BrewDog marked the launch of its fifth crowd campaign by taking a Trojan dog filled with Punk IPA to the City

BrewDog is again turning to its ‘equity punks’ to raise up to £50m in its fifth crowd campaign as it bids to become “the biggest crowdfunded business of all time”.

The business set an initial target of £10m to fund its global expansion, which includes new breweries in Australia and Asia, more beer bars in the UK, and increasing capacity at its Aberdeenshire base. Money will also help develop its first sour beer facility, called The Overworks, set to launch later this year.

The fundraising will run until 15 January, with shares priced at £23.75 each and sold in blocks of two.

BrewDog raised £19m in its fourth ‘Equity for Punks’ push last year as 30,000 investors poured money into US expansion, but the campaign fell short of its £25m target. In August, it closed its first US crowdfunding pitch, having raised just $7m (£5.4m) of its $50m (£39m) target.

Over its four UK rounds since 2009, BrewDog has secured £41m from 57,000 ‘punk investors’, alongside another £10m via a Crowdcube bond issue - the largest-ever raise on a UK crowdfunding platform.

“Equity for Punks V signals a tipping point,” said co-founder James Watt, who founded the business with Martin Dickie in 2007. “A point when the many overturn the few. When purpose overtakes profit. When the fuse is lit on the old order of businesses already struggling to come to terms with a world that demands more from business.”

BrewDog, known for controversial publicity stunts, marked the launch of the new campaign by driving a giant 17ft wooden Trojan dog, filled with its flagship Punk IPA beer, into London. The business said it was a metaphor for the invasion of the corporate world, with a new model of business “founded in community and passion”.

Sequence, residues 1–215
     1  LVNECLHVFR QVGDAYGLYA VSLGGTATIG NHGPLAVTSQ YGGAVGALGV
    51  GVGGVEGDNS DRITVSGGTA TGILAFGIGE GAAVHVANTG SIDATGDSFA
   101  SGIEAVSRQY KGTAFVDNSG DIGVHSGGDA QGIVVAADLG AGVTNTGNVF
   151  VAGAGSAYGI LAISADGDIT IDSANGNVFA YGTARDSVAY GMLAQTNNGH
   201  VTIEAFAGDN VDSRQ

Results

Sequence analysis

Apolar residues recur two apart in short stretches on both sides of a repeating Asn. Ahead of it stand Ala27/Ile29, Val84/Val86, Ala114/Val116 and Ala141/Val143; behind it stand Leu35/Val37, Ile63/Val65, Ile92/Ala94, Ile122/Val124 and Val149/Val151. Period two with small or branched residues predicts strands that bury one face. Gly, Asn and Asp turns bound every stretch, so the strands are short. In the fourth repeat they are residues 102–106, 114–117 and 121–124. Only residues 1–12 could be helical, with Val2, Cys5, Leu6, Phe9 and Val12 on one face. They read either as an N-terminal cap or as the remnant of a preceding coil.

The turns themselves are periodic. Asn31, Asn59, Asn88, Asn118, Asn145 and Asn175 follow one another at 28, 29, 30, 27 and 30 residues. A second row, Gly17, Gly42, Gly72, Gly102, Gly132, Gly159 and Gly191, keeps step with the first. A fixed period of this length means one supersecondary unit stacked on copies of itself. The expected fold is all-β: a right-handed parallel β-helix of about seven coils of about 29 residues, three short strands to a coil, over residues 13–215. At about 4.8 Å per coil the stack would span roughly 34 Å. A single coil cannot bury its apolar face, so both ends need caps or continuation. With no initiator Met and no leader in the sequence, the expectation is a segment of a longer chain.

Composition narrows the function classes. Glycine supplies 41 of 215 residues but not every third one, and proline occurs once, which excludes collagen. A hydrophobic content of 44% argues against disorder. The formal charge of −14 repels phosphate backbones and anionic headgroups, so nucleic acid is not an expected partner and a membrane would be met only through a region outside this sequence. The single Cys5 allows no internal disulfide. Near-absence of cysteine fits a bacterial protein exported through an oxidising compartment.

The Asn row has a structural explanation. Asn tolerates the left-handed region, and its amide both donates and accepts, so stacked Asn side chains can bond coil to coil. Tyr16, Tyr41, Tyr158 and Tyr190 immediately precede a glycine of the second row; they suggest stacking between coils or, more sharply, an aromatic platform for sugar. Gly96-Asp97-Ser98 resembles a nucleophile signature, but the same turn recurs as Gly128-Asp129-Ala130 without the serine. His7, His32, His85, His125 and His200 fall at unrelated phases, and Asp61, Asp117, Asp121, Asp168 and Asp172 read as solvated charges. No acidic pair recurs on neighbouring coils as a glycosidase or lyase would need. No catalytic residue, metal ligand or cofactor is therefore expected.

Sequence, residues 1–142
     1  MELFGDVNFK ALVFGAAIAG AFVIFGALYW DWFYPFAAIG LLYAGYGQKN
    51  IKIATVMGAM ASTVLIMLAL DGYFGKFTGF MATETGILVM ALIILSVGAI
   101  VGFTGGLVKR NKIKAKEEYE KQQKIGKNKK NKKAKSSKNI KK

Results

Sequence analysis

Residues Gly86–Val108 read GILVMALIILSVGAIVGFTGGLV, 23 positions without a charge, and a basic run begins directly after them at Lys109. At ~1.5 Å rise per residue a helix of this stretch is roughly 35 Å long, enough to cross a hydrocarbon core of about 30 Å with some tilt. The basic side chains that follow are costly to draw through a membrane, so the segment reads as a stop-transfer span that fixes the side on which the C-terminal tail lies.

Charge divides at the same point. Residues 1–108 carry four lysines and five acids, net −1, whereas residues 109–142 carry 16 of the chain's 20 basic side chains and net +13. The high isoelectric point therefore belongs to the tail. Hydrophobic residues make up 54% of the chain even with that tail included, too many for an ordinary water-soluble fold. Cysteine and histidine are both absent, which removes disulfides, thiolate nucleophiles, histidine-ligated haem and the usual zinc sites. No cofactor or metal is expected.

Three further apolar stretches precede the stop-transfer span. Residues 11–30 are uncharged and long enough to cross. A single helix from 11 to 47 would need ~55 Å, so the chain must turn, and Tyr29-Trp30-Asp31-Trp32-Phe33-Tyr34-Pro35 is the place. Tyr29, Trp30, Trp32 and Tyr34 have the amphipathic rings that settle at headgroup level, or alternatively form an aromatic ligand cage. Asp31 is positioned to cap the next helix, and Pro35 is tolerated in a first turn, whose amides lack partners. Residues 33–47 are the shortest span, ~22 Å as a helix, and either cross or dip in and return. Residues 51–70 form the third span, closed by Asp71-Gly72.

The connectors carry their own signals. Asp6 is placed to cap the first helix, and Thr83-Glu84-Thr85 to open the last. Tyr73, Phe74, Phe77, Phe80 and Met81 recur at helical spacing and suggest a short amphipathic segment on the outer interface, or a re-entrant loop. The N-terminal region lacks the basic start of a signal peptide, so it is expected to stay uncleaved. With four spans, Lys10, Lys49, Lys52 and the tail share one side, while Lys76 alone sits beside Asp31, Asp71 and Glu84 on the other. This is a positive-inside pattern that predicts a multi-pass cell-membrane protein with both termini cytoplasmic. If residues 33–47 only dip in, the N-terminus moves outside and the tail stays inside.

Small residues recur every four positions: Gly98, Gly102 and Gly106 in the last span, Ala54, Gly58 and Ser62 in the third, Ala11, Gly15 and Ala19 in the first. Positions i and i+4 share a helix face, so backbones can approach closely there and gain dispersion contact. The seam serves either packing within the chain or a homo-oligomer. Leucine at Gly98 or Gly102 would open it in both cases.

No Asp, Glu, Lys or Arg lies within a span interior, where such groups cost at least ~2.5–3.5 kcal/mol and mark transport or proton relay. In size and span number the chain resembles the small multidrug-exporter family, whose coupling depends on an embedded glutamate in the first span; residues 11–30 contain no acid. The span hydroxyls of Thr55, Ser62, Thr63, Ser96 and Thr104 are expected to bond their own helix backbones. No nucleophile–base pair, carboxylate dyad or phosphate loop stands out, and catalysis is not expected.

“Our Trojan dog is a reminder of the awesome power of people to change the world, with the crowdfunding revolution delivering a stark wake-up call to a broken system that represents a tiny group of fat cats,” Watt added.

BrewDog, which in the past swore it would never ‘sell out’, sold a 22% stake to US private equity PE giant TSG Consumer Partner for £213m in April, with Watt and Dickie pocketing £100m and another £100m going toward funding the growth plans.

Equity Punks were limited to selling up to 15% of their shares, capped at 40 shares, a maximum return of £527. Crowdfunding investors in the earliest funding round have seen an increase in value of 2,765%, but are only able to sell shares once a year on BrewDog’s in-house trading platform.

A BrewDog spokeswoman confirmed at the time that only 3% of investors wanted to take any money out, with 97% retaining all their shares and being rewarded with a six-pack of beer.

Revenues at the business, which has an 800-strong global team, 47 bars around the world and two breweries in Aberdeenshire and Ohio, leapt 61% to £72m and is expected to top £100m this year.

Sales of BrewDog’s flagship Punk IPA have also surged over the past 12 months, boosted by a slew of listings in the mults. It added £12m to its value, an increase of 98.2% [IRI 52 w/e 22 July 2017].